‘Coming of age’ stories abound. They are to be found in books, movies, tales told from bar stools and, of course, memories.
First kiss. First car. First love. First time surrendering the keys to Dad for a speeding ticket, bad grades, sassing Mom, ignoring curfew … select one from my impressive list of youthful offenses committed.
Yes, potential subjects for coming of age stories are everywhere. But I wonder, could there be such a thing on life’s other end as ‘going of age’ stories?
It sure feels that way as I pass along the car I always loved best to son Aaron and eventually, I hope, to one of his kids.
The 1991, twin-turbo Toyota MR2 you see on this page has been in my treasured possession north of 20 years. I have enjoyed its speed and quickness on county roads, the interstate, the odd huge, empty parking lot when no one seems to be looking and one especially memorable evening when I snuck onto the dirt oval of the Dawson County Raceway in Lexington for a few hot laps. I promise the pop-up headlights were not shining that night.
Those places were fun to drive, but nowhere on earth did I revel in goosing the MR2 and having it goose me back, though, as on the labyrinth of mountain switchbacks of northwest Wyoming.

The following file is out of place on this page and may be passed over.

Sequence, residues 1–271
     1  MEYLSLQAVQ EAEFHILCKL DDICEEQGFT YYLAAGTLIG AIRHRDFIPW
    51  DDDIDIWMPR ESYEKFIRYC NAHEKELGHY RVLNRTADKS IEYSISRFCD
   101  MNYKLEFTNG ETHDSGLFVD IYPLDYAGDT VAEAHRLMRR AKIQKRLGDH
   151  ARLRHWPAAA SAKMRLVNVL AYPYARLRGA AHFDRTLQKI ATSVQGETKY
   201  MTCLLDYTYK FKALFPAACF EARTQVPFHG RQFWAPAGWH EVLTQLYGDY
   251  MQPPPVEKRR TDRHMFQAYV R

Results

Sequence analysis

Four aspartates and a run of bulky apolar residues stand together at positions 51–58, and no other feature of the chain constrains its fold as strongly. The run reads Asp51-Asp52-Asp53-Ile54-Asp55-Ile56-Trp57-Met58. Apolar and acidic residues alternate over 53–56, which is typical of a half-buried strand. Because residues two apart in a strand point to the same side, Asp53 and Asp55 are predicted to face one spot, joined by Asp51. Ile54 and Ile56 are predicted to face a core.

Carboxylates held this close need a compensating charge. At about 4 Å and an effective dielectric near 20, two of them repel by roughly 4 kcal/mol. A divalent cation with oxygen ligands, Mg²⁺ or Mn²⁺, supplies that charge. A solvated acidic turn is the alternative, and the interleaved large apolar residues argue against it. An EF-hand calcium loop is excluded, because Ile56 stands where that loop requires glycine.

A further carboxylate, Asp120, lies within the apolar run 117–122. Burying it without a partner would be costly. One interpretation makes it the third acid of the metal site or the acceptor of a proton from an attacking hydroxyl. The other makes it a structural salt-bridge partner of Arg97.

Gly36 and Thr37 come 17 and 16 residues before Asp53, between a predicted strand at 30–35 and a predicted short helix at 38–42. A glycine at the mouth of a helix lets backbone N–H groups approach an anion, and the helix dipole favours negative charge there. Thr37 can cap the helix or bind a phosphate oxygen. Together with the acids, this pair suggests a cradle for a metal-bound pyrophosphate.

I came to particularly enjoy driving it, all shiny red and dressed up in sparkly chrome wheels, to cover local high school events and seeing transparent young facial expressions that read, “Whoa, neat car, but geez what a tragic waste on that old, fat guy.”
But time eventually caught up with life. It always does, doesn’t it? In recent years I had to admit I was driving the car less and less. Cursed with a long and increasingly girthy carcass, I found it an ever greater struggle getting down into and, even more grunt-inducing, up out of that tiny, perilously low-slung driver’s compartment.
Gradually it seeped into consciousness; I was driving the truck a lot more and the wee two-seater lot less. It seemed the transition just happened on its own somehow. It was still fun and all that, but clearly the car arrived at senior citizenship with more pizazz intact than did yours truly.
And so my baby is gone, delivered complete with title, keys and owner’s manual to Aaron and his family. A new home in Kearney.
I want him and his bunch to enjoy it while the blush of youth remains to them. Time had come for it to weave a tapestry of wonderful memories for an all new family.
Plus, I wanted it out of the garage. Dang thing was crowding the boat.